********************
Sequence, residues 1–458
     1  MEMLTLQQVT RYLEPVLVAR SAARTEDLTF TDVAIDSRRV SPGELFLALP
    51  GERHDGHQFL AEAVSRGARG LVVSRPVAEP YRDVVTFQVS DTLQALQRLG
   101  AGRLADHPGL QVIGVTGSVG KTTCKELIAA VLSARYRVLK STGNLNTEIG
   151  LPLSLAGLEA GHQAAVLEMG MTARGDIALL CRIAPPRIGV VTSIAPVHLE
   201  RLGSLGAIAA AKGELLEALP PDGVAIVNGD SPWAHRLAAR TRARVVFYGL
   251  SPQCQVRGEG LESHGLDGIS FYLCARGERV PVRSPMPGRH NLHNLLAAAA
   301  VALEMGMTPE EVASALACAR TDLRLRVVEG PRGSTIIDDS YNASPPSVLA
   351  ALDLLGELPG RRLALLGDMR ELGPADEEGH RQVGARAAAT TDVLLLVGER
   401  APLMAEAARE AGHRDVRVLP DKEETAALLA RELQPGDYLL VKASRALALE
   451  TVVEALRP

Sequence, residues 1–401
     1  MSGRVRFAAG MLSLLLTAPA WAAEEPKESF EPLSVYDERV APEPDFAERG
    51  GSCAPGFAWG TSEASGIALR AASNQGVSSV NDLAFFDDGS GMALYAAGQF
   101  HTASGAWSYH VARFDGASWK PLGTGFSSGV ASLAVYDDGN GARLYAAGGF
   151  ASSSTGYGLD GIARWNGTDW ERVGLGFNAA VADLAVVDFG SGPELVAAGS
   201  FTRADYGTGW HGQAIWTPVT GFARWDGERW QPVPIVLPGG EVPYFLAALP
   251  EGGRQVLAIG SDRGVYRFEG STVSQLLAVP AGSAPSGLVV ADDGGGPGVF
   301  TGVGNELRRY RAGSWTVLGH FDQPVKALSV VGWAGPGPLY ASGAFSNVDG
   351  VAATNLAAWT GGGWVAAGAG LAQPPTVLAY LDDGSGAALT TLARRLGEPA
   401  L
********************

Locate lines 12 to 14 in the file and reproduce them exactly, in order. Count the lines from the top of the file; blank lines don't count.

Sequence, residues 1–401
     1  MSGRVRFAAG MLSLLLTAPA WAAEEPKESF EPLSVYDERV APEPDFAERG
    51  GSCAPGFAWG TSEASGIALR AASNQGVSSV NDLAFFDDGS GMALYAAGQF